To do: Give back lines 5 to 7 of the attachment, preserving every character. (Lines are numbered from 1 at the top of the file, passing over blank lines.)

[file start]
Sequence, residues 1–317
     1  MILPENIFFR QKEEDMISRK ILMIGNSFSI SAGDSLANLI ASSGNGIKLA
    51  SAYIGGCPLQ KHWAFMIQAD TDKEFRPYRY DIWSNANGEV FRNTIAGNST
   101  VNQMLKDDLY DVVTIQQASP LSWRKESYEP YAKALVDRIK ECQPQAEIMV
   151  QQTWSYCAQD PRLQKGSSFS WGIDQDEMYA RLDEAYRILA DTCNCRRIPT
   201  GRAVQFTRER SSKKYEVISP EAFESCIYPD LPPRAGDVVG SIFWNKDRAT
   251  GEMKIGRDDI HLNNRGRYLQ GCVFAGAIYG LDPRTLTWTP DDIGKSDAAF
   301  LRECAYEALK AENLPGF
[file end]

   151  QQTWSYCAQD PRLQKGSSFS WGIDQDEMYA RLDEAYRILA DTCNCRRIPT
   201  GRAVQFTRER SSKKYEVISP EAFESCIYPD LPPRAGDVVG SIFWNKDRAT
   251  GEMKIGRDDI HLNNRGRYLQ GCVFAGAIYG LDPRTLTWTP DDIGKSDAAF